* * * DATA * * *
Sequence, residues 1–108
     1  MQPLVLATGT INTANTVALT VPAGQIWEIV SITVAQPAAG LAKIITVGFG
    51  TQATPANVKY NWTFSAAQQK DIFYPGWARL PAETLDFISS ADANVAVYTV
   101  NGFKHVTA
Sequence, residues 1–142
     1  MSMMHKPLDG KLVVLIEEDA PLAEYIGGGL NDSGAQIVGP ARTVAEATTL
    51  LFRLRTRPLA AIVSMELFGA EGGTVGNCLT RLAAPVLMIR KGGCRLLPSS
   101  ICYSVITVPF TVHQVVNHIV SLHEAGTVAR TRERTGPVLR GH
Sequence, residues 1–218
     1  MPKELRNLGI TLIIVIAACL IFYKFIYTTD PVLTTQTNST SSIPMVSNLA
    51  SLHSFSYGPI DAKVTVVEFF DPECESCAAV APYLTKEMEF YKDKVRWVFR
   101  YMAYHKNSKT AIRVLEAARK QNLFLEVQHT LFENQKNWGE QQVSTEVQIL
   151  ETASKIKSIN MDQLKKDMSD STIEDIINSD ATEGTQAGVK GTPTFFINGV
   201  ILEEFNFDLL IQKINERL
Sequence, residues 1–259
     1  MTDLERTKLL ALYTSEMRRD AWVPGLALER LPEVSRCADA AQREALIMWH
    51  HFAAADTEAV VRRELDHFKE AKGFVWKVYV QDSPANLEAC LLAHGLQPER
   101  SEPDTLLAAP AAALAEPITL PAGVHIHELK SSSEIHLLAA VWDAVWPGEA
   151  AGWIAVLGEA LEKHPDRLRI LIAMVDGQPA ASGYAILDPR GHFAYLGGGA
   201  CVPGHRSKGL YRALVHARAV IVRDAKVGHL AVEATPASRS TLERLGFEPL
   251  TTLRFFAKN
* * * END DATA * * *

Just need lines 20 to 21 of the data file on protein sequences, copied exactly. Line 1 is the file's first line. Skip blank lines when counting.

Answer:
   201  CVPGHRSKGL YRALVHARAV IVRDAKVGHL AVEATPASRS TLERLGFEPL
   251  TTLRFFAKN